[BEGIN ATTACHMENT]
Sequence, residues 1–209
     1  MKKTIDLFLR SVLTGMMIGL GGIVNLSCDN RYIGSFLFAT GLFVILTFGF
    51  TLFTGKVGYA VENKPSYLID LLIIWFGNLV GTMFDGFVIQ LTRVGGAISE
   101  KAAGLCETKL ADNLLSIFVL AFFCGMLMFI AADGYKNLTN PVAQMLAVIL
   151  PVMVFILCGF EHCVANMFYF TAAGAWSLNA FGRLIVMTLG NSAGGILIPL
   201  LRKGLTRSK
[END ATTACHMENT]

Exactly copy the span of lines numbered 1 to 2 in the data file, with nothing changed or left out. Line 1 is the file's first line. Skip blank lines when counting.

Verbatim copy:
Sequence, residues 1–209
     1  MKKTIDLFLR SVLTGMMIGL GGIVNLSCDN RYIGSFLFAT GLFVILTFGF